MMXX/2 MMVXX/2 MDVXX/2 1AC or 3AC 230V Input: Low Voltage Outputs .1 A Typical Installation 24 . MMVXX.264V. MMVXX/3. 446 . 47 . MMV400/2 Terminal layout varies on MIDIMASTERS MMXX/2 MMVXX/2 MMXX/3 MMVXX/3 PE L/L1 342 .63Hz. MMVXX.This equipment must be earthed ! PE L/L1 187 .3. MXXX/4 N/L2 L3 This equipment must be earthed ! MDVXX/3 MDVXX/4 PE L1 L2 L3 Input wiring.Motor usually connected in Delta PE Motor U1 V1 W1 U V W MMXX/3.550V.575V Input: High Voltage Outputs . Three Phase supplies PE Motor U U2 V2 W2 U1 V V1 W W1 MMXX. MMXX/2 MMVXX/2 not MM400/2. MMV300/2 Input wiring.Motor usually connected in Star 4.63Hz.4 3AC 400. 47 . 47 . Single Phase supplies L3 MMXX.660V.63Hz N/L2 Inductor required for MM300/2. MDVXX/3. MXXX/3.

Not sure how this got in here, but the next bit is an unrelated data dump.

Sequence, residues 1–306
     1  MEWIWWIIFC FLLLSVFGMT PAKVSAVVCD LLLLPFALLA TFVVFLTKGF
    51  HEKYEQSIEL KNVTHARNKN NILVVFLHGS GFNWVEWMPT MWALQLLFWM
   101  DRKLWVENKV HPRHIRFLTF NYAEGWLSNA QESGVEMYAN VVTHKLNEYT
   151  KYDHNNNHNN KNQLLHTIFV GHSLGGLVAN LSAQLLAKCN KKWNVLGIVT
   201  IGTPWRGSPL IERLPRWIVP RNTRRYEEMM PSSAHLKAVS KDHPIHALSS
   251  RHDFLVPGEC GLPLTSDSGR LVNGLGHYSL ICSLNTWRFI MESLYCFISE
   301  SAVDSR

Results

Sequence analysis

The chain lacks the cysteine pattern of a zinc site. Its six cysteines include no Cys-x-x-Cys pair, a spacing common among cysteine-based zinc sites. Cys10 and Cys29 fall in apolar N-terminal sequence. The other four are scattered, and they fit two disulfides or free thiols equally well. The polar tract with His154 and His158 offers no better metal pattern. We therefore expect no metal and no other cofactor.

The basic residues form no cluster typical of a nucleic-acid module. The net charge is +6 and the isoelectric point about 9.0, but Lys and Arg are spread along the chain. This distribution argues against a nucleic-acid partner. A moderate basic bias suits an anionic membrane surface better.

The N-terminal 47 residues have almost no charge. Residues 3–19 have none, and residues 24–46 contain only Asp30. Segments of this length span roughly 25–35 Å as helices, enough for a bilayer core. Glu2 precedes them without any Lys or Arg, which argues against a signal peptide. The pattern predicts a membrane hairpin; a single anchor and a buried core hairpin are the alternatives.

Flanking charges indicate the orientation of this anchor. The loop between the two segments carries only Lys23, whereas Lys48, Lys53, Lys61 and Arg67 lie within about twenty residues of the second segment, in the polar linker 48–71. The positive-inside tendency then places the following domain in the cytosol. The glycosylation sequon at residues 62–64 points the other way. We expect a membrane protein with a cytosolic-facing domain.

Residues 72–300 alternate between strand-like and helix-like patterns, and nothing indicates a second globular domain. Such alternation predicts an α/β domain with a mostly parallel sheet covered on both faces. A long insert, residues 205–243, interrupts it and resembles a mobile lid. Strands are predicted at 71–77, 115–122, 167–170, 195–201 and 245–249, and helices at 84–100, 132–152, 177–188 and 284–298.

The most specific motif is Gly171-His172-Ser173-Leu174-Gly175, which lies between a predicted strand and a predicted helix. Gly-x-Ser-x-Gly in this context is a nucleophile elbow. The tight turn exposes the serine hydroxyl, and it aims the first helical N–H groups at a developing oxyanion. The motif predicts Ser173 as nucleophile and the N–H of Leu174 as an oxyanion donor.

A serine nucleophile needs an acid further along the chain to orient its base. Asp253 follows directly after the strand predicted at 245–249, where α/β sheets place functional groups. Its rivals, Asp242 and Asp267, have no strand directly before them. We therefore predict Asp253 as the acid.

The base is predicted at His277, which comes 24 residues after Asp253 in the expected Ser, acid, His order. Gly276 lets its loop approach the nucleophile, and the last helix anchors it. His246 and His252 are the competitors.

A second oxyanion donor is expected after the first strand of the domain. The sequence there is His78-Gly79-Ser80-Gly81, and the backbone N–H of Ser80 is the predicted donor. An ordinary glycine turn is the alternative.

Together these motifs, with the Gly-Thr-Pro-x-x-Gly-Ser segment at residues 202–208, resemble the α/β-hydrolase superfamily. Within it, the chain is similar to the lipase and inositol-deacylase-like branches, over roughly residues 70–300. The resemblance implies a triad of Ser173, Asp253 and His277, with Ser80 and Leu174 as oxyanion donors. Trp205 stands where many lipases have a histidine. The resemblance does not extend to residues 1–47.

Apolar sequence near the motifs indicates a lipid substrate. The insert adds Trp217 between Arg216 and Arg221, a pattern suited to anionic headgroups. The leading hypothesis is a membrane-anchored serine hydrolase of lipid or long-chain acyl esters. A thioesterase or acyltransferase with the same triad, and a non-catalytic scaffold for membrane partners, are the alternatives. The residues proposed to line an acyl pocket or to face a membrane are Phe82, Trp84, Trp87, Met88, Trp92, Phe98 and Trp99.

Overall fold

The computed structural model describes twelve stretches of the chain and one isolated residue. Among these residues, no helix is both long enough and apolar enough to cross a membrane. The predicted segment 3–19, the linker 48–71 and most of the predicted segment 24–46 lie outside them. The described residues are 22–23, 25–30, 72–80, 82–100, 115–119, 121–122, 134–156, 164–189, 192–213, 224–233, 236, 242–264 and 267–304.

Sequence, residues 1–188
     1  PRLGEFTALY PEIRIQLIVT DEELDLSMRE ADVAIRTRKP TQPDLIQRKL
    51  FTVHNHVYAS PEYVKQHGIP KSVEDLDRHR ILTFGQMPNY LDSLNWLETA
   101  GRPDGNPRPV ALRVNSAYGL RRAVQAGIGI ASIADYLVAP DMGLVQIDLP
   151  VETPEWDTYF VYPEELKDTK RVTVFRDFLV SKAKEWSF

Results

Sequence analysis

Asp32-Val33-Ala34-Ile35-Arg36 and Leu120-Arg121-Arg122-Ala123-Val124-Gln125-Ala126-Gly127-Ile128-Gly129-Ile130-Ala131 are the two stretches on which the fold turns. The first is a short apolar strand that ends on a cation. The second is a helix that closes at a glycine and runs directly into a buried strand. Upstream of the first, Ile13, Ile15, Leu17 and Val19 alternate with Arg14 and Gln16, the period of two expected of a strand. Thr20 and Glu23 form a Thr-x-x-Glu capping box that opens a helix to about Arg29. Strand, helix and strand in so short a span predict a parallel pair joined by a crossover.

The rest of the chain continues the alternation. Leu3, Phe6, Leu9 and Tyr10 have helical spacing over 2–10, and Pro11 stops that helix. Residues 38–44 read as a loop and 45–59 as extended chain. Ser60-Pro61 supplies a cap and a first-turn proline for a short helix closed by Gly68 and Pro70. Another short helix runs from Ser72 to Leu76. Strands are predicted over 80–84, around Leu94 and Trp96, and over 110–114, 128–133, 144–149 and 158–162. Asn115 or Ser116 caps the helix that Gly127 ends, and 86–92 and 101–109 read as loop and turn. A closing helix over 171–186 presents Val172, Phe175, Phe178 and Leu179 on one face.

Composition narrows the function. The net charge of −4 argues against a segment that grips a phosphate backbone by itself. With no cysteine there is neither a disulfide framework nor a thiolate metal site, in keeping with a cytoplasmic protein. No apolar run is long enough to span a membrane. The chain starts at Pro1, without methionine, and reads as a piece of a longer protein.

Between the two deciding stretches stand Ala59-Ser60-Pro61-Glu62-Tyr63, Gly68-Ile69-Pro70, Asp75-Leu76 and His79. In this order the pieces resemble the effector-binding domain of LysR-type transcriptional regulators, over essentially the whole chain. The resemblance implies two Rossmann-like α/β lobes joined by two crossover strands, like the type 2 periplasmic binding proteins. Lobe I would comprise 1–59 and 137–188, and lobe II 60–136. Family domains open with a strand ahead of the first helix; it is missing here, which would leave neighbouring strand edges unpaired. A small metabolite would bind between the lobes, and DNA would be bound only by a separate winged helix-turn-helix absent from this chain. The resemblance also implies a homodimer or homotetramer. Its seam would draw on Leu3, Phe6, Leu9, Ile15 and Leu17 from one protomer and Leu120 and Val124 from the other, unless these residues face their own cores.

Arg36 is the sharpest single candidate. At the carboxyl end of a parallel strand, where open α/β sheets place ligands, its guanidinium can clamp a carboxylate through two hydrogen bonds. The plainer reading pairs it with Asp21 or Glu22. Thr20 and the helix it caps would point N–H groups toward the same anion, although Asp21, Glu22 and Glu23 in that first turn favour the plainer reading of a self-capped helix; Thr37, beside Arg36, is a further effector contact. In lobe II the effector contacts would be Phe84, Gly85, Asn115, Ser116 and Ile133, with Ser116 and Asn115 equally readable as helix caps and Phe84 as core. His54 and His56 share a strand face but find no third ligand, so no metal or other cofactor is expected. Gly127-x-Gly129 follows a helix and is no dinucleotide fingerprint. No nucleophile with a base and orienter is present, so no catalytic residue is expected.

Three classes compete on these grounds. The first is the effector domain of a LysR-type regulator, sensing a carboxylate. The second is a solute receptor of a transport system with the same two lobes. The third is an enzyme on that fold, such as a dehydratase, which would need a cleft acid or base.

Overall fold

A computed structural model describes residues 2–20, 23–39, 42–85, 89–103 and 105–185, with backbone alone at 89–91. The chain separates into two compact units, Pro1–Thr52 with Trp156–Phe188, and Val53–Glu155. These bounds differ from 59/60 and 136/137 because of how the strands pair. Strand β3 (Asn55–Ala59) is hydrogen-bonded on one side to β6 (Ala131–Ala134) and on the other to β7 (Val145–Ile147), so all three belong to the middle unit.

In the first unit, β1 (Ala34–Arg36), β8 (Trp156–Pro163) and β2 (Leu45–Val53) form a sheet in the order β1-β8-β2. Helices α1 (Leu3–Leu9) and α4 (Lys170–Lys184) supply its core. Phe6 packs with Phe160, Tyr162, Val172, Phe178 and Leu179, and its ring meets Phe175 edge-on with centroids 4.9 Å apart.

Do not use the contactor as a stop start function This will cause unnecessary wear on the contactor and there will always be a slight delay while the inverter initialises. depending on the inverter type.Emergency Stop Control Connections Supply Isolator Circuit Breaker or fuses Contactor Inverter Motor Supply The supply may be either single or three phase. with an emergency stop function connected may be required both for auxiliary control and safety isolation. Instructions for low voltage (star) connection or high voltage (delta) connection are usually shown on the inside of the terminal cover. Circuit breaker or Fuses. Isolator An isolator is usually required for safety reasons. Contactor A contactor. Clearly an inverter with a low voltage single or three phase input will produce a low voltage three 25 . Use the control terminals or push buttons to do this. Inrush currents on the latest inverters are typically only two or three times full load current. The protection rating is based on the input current as stated in the manual. many motors. Motor Circuit Breakers are usually recommended for use with inverters. are designed for low voltage (230V) or high voltage (400V) operation. Do not use fast acting circuit breakers or semiconductor fuses. The input current is higher than the output current because the form factor of the current is high. The recommended wire sizes are stated in the manual. It is not recommended to fit a contactor between the output of inverter and the motor. so nuisance tripping is less of a problem. It is not permitted to use the Run/Stop control of the inverter as an emergency stop function. The voltage is usually selected by fitting links at the motor terminals. particularly at low powers. Motor As shown in previous diagrams.